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The Insider title

Britain's Gambling Addiction

Friday 20 July

Reformed gambling addict Jake Brindell argues that the Government is increasing the opportunity to gamble and will be responsible for creating many more addicts with devastating effects on tens of thousands of families.

Three out of four Britons gamble every week, and we lose around nine-and-a-half billion pounds every year, a figure which has doubled in just four years. With the passing of the Gambling Act these figures look set to continue rising.

Reformed gambling addict Jake Brindell argues that the Government is increasing the opportunity to gamble and will be responsible for creating many more addicts with devastating effects on tens of thousands of families.

The UK is the only country in the developed world which allows children to gamble, and young gamblers are three times more likely than adults to become addicted. Like many others, Jake got hooked when he began playing slot machines at the age of ten. After 25 years of addiction, Jake speaks from bitter experience about the huge growth of super-addictive betting terminals and talks to other addicts suffering the terrible effects of online gambling.

The Government raised almost £2 billion in taxes last year from the gambling industry and Mark Griffiths who, as the only professor on gambling in this country, advises the Government on policy, tells The Insider that Ministers haven't listened to all his concerns.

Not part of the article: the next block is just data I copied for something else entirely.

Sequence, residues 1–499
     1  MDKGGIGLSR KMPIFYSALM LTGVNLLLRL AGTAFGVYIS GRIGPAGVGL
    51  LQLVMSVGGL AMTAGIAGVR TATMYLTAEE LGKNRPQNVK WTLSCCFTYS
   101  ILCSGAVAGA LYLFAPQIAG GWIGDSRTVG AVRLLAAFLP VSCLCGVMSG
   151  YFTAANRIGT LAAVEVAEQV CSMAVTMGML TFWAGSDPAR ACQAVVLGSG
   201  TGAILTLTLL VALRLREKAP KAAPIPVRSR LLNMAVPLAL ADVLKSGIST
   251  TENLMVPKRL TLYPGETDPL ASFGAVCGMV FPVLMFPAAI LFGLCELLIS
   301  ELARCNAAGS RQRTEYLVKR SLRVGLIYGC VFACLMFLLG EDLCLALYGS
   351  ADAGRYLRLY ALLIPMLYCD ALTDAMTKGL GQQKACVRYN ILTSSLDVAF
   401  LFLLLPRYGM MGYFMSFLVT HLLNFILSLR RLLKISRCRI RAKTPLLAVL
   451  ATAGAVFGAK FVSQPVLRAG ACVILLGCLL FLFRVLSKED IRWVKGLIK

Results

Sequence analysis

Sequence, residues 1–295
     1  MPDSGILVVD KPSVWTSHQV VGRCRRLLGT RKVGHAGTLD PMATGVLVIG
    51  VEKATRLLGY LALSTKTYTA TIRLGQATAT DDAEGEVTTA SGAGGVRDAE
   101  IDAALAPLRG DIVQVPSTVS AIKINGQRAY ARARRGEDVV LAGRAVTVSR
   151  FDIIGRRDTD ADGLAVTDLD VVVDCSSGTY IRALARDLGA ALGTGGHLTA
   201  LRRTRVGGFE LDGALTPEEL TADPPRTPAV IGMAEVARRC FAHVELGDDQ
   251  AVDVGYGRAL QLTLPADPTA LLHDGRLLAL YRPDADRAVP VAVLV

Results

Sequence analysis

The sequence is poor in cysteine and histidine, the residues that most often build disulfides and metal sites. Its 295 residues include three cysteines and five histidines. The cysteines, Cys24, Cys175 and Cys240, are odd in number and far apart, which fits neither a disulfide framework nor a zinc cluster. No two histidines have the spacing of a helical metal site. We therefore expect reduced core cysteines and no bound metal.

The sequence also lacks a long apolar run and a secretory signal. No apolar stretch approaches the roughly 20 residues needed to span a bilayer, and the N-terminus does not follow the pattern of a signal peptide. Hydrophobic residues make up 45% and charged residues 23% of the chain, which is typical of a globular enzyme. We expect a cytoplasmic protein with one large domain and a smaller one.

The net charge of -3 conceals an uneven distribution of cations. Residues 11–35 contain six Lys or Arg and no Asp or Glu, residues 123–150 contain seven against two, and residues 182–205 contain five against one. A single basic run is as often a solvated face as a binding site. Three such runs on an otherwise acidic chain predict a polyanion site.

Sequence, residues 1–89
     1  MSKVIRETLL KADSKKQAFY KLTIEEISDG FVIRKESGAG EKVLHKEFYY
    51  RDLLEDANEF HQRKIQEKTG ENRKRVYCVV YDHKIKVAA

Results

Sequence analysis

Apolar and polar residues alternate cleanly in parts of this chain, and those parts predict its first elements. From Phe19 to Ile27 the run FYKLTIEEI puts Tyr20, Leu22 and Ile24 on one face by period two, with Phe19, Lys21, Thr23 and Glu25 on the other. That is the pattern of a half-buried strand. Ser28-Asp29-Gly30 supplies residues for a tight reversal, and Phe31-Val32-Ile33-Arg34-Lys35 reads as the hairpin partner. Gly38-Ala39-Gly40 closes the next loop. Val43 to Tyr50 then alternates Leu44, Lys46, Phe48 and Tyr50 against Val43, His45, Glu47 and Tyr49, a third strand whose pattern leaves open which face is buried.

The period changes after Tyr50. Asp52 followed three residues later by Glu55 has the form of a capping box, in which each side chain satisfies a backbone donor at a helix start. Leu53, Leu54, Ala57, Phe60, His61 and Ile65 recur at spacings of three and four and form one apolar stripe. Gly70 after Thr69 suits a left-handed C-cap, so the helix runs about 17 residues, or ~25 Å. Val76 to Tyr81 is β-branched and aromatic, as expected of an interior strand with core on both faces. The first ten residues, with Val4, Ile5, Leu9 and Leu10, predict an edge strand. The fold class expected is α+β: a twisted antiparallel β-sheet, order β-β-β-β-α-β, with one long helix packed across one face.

He says that the with the Gambling Act making it easier to open betting shops, most of which are in poorer areas, it will be the poor who suffer the most. Most of Britain's bookies are concentrated in the poorest neighbourhoods, like inner-city Hackney which has 95 shops. Yet, the industry wants to open more, despite local opposition. One resident tells The Insider that only one out of 400 locals who responded to his survey was in favour of a new betting shop.

Jake is particularly concerned about the increase in fixed odds betting terminals, which offer punters the chance to play casino games like roulette inside the bookies. They're extremely addictive because they're designed to make players feel they're almost winning every game, and Jake's a perfect example - he's blown more than £40,000 on them over the years. There are now around 24,000 machines, each generating up to £500 profit every week, and gaming industry consultant Warwick Bartlett tells the programme just how important they've become. He says a lot of shops wouldn't survive without them.

Alongside these terminals, the Internet is the fastest growing sector of the gaming industry and it's creating a new generation of addicts who don't have the psychological and social safety nets of going into a casino or racecourse and gambling with others and therefore find it far more difficult to stop chasing their losses. Jake relates how one night he sat at home and maxed out on one credit card after another until he couldn't get any more credit. He lost £10,000 in one night.

And, like many other addicts, Jake found it difficult to get help. With the Gambling Act deregulating and liberalising gambling, points out that that Government is failing to set up an infrastructure to help the inevitable casualties of gambling. Instead of following the example of countries like Australia which makes the industry put one per cent of its revenue towards helping addicts, the government has a non-compulsory target of £3m per year, and the industry has failed to even meet this amount.

Jake concludes that the Government is cynically choosing more gambling and more tax revenues while doing little about the problems it causes. And, as a result, out there are a whole new generation of children who could follow him down the same route of addiction and despair.

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